Astride the Border

I really need to buckle down and finish footofthroneAstride the Border, the end to At the Foot of the Throne. Nope, it’s not going to be a trilogy, and frankly the two “books” are really one novel. Not that I have the slightest idea what to call it as a single work. Possibly it could keep the original title, though I expect as the plot of the second story unfolds, one would question that as a good one. *grin*

I actually have the book notecarded and some 65,000 words written on it, so I’m really more than halfway there. Just a matter of getting a writing schedule and applying butt glue. Since my other big Life Goal is pretty physical, this is really a pretty good counterpoint to that. You know, the whole “healthy mind in a healthy body” thing. (And my son, yes, I’d love to read your essay on that very subject you did for school!)

Here’s the thing. I’m not in love with the characters. Oh, this is much better fiction than I usually write, being only an egg in the learning process. But no, I don’t love these characters the way I love others I have come up with, but no-one has ever seen.

This isn’t to say that the work isn’t good. The reason I don’t love the characters?

They’re too real. I frequently want to yell at them for being stupid, or knock them upside the head for being foolish and prideful, or blind and selfish. I can’t look up to or be enamored with them because they’re too real and flawed.

This isn’t to say that anything I love has to be perfect. I love plenty of people, but I know of no perfect ones. It’s just that for the most part, no, I wouldn’t really want to be close to or trust any of these characters. No, not even Marra. Seija, maybe. Sometimes. When she isn’t being thick as a yard of lard. And okay, Berat, but he’s shamelessly based on a real man I was missing at the time I came up with the characters.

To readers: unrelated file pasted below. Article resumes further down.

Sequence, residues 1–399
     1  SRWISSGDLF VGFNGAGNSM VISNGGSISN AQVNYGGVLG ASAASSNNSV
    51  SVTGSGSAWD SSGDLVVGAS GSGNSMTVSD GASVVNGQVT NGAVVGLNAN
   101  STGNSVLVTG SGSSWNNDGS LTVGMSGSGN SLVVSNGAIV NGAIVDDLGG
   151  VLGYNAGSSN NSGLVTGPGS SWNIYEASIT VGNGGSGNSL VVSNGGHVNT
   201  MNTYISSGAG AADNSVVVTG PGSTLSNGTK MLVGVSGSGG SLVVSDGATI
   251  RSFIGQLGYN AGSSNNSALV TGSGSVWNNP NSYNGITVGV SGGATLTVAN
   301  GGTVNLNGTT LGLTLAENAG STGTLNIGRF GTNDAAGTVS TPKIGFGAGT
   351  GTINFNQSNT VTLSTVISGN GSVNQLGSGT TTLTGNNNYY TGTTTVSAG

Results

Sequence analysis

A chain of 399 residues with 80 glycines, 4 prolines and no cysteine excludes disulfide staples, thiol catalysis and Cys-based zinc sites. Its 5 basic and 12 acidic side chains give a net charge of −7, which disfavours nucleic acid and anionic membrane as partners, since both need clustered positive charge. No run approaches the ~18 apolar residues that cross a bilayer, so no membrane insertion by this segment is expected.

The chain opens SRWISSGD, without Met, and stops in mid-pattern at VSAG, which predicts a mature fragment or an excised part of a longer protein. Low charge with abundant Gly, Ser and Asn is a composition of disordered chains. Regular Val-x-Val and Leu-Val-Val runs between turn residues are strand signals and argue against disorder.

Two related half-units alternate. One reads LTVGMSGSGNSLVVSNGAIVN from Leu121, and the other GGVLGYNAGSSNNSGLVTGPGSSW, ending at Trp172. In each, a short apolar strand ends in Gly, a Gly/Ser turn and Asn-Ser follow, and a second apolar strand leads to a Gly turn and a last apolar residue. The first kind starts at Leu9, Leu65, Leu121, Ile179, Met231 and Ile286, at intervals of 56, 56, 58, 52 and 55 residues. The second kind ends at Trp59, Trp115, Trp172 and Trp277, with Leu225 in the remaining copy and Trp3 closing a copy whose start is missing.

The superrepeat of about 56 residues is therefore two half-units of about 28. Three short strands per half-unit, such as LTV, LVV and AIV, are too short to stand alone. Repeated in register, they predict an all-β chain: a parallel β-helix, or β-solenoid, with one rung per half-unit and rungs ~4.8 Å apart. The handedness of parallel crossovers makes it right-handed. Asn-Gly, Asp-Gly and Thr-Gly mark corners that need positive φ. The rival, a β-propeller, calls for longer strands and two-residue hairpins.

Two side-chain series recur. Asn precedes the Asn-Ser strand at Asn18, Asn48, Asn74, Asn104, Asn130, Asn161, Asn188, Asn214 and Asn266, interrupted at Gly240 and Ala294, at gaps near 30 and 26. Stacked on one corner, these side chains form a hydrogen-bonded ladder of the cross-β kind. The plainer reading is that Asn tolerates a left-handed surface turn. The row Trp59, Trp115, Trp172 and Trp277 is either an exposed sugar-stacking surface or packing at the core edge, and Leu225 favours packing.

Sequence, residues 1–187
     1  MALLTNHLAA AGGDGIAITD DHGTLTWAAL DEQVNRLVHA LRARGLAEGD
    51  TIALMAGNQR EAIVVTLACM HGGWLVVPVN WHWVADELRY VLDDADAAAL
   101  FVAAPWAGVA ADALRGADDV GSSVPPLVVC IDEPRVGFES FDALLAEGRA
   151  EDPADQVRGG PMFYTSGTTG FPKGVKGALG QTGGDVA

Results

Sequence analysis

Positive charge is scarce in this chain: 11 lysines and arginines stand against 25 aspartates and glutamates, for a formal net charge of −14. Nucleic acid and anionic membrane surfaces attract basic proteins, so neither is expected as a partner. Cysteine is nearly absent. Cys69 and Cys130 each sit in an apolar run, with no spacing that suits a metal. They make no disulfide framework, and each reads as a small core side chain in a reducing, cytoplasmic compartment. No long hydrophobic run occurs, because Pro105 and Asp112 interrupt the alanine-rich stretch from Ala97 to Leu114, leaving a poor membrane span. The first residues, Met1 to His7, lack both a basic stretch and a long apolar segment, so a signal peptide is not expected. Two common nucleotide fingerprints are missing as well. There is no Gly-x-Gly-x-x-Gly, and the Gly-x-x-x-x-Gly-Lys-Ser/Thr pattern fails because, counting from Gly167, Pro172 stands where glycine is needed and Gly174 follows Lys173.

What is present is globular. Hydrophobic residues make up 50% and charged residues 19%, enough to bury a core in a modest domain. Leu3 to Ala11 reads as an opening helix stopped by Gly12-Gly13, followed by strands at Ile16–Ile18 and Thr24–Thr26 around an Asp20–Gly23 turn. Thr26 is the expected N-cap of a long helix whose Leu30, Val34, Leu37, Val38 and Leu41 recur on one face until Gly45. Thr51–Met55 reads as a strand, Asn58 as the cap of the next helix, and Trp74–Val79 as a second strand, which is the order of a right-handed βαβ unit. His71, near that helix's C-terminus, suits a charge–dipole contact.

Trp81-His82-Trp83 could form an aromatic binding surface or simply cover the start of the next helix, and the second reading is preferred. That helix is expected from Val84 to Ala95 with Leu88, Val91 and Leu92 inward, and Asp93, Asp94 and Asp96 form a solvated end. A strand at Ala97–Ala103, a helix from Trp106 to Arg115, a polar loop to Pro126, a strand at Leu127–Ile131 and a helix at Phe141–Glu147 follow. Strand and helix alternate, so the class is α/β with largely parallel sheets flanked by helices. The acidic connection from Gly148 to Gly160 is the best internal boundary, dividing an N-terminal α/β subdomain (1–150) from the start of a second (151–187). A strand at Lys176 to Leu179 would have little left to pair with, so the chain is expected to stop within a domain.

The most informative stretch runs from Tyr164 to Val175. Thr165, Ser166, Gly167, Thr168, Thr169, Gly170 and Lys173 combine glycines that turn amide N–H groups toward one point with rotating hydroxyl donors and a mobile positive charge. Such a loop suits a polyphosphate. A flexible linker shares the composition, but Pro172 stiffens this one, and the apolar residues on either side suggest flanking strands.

So for now, I need to come up with a realistic writing schedule that takes into account the other stuff I do. I may wimp out at 500 words a day. But slow and consistent gets it done better than fits and starts of Heroic Effort.

At the Foot of the Throne

I’ve released At the Foot of the Throne as a Kindle book.  It’s 99 cents, so not a huge risk if you wanna check it out.

Rags to riches and finding True Love is not always all that the fairy tales say. In AT THE FOOT OF THE THRONE, two countries stand on the brink of war, and a young villager finds herself thrown into the center of the conflict.

A small shepherding community on the border of Lotharia and Sudra is destroyed leaving Marra the sole survivor. Pitched into the unstable politics between the two nations, Marra finds herself ordered to rebuild the strategically-important town in the hopes of preventing a war between the two nations.

If you don’t own a Kindle, but want to get it anyway, keep in mind that Amazon has e-reader software for its book in many formats — PC, MAC, and many mobile devices.

Being a Fat Athlete

I was doing some research on swimming and sore abs because… Well, I went for a good swim today and my abs are sore! Look, don’t you Google every damn thing you go through? You don’t. Fine. I’m a weirdo. Deal.

Anyway, as I was maundering around the Internet and avoiding finishing my last article for today (but I did send out a good query for AT THE FOOT OF THE THRONE three days early thnxsomuch!), I ran across Fat Girl on a Bike.

This chick made me ashamed of myself and face how damn’ vain and shallow I can be.

Vain? Yeah. You see, I’m fat. No, it’s not a value judgement. I am.

But I’m also an athlete, dammit. I never called myself that because I’ve always felt I “wasn’t there yet”. I played soccer, but I wasn’t great it at. So, I wasn’t really an athlete. I was a martial artist but I never earned a black belt, so I’m not really an athlete. I’m fat, so I’m not really an athlete.

This woman, who is doing triathelons not to “get skinny” or any other damn reason than she bloody well wants to compete in triathlons puts me and my scale stepping to shame. I’ve actually had to psyche myself out to go to the pool and swim, which I love because I didn’t feel like I really belonged in the pool with all the real athletes. It’s idiotic. Like you don’t deserve to claim a love of movement, which I do have, unless you’re committed to “getting skinny”. That’s gotta me more important than loving the movement for itself.